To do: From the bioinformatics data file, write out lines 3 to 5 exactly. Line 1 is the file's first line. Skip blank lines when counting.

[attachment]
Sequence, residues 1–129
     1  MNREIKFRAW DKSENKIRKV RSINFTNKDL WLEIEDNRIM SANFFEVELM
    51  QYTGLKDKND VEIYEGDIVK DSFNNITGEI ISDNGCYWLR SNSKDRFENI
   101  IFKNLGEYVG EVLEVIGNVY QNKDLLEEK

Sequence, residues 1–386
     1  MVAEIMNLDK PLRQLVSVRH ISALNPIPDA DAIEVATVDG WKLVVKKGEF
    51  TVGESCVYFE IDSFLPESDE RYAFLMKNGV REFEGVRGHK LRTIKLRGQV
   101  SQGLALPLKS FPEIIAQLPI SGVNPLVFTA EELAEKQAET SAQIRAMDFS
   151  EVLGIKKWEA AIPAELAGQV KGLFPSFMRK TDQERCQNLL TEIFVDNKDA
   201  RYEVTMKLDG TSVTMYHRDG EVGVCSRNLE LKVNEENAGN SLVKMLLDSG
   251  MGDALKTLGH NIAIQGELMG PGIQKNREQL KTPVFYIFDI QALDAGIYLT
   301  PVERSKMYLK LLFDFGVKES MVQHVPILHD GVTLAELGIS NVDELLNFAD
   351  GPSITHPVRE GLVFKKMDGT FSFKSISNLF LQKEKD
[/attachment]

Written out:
    51  QYTGLKDKND VEIYEGDIVK DSFNNITGEI ISDNGCYWLR SNSKDRFENI
   101  IFKNLGEYVG EVLEVIGNVY QNKDLLEEK

Sequence, residues 1–386